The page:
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The flutter tool

KyleWong edited this page Jul 2, 2019 · 6 revisions

The flutter command-line tool is how developers (or IDEs on behalf of developers) interact with Flutter.

flutter --help lists the developer-facing commands that flutter supports.

flutter --help --verbose lists all the commands that flutter supports, in particular, it also lists the features that are of use to Flutter contributors.

These include:

  • flutter update-packages, which downloads all the Dart dependencies for all Dart packages in the Flutter repository.
  • flutter analyze --flutter-repo, as described on Using the Dart analyzer.

When contributing to Flutter, use git pull --rebase or git rebase upstream/master rather than flutter upgrade.

The flutter tool itself is built when you run flutter for the first time and each time you run git pull --rebase (or flutter upgrade, or anything that changes the current commit).


Markdown documentation can be found for some commands in flutter/packages/flutter_tools/doc/.

Making changes to the flutter tool

If you want to alter and re-test the tool's behavior itself, locally commit your tool change in git and the tool will be rebuilt from Dart sources in packages/flutter_tools the next time you run flutter. Alternatively, delete the bin/cache/flutter_tools.snapshot file. Doing so will force a rebuild of the tool from your local sources the next time you run flutter.

The flutter_tools tests run inside the Dart command line VM rather than in the flutter shell. To run the tests, navigate to packages/flutter_tools and run:

../../bin/cache/dart-sdk/bin/pub run test

The pre-built flutter tool runs in release mode with the observatory off by default. To enable debugging mode and the observatory on the flutter tool, uncomment the FLUTTER_TOOL_ARGS line in the bin/flutter shell script.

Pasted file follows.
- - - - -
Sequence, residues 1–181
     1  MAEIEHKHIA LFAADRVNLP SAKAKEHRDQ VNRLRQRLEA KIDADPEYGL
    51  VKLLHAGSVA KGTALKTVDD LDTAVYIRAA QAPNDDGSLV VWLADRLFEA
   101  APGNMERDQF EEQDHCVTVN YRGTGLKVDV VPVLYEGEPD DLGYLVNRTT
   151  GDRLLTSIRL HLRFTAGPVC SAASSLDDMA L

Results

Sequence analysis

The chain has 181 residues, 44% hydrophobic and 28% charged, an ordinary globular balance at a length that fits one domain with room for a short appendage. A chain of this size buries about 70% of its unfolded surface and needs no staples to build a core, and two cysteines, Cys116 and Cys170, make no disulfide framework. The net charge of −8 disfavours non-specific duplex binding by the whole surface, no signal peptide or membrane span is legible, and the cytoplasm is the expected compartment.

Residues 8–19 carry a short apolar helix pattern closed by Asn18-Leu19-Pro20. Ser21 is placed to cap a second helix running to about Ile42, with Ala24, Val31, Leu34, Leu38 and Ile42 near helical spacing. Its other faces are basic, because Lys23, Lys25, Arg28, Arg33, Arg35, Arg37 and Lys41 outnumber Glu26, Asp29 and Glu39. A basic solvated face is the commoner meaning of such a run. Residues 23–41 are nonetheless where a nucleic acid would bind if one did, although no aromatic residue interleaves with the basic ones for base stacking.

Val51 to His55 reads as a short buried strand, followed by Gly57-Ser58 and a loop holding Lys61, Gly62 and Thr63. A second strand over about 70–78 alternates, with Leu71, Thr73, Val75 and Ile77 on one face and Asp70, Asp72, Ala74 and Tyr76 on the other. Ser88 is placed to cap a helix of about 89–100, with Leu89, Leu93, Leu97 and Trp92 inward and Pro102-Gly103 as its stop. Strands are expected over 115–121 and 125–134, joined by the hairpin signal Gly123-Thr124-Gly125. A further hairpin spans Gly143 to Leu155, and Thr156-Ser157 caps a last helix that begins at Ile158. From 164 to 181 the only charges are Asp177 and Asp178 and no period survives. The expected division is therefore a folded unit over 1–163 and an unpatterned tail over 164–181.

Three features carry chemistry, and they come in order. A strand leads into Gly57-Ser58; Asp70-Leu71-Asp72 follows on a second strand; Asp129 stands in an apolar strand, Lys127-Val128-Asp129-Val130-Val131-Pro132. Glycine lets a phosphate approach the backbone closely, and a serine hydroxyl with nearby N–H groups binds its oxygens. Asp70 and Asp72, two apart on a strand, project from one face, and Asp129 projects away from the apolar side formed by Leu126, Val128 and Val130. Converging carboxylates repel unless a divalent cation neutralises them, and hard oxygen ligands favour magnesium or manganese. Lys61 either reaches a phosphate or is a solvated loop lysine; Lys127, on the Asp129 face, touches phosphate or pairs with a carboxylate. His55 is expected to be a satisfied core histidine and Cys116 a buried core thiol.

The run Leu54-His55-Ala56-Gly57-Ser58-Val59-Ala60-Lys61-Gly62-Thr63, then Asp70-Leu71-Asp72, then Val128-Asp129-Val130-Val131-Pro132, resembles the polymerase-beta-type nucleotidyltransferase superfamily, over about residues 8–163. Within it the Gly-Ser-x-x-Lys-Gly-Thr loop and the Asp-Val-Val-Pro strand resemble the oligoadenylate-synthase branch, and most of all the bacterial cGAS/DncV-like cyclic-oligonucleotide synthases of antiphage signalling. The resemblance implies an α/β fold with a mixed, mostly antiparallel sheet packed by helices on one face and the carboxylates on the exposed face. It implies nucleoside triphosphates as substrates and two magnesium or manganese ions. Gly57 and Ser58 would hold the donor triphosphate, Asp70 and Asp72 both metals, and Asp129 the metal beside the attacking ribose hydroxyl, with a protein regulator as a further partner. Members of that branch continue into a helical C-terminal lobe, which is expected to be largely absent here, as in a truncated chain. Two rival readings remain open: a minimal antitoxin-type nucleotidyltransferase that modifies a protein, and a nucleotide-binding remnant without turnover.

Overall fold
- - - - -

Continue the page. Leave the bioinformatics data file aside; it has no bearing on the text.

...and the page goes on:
Debugging the flutter command-line tool

Developers are expected to run flutter command without knowing too much details about the flutter command. However, there are some cases in which you may find it useful to debug flutter command especially when it's difficult to reproduce your issue.

flutter command is just a wrapper and it will finally run $FLUTTER_ROOT/bin/cache/flutter_tools.snapshot generated by flutter_tools package.

That's to say, you can debug flutter command as a Dart Command Line App. Let's take flutter doctor -vv as an example. You can debug it following steps below:

a. Open the flutter_tools package in Android Studio

b. Create a new Dart Command Line App by Add Configurations and configure it as below:

Dart Command Line App The Dart file refers to bin/flutter_tools.dart where the main function is located. Program arguments refers to the arguments for flutter command, it's passed to main method directly. Working directory is which flutter project you want to run the flutter command, and is not always necessary.

c. The dart sdk is used to run the bin/flutter_tools.dart and expected to configure as below: Dart SDK Configuration

d. If you make some changes to the flutter_tools package, you may need to do as 'Making changes to the flutter tool' says above because flutter command might be triggered implicitly by gradle, etc.

Though those steps given above are under Android Studio, the logic also works for other IDEs.

Adding, removing, or making changes to Dart dependencies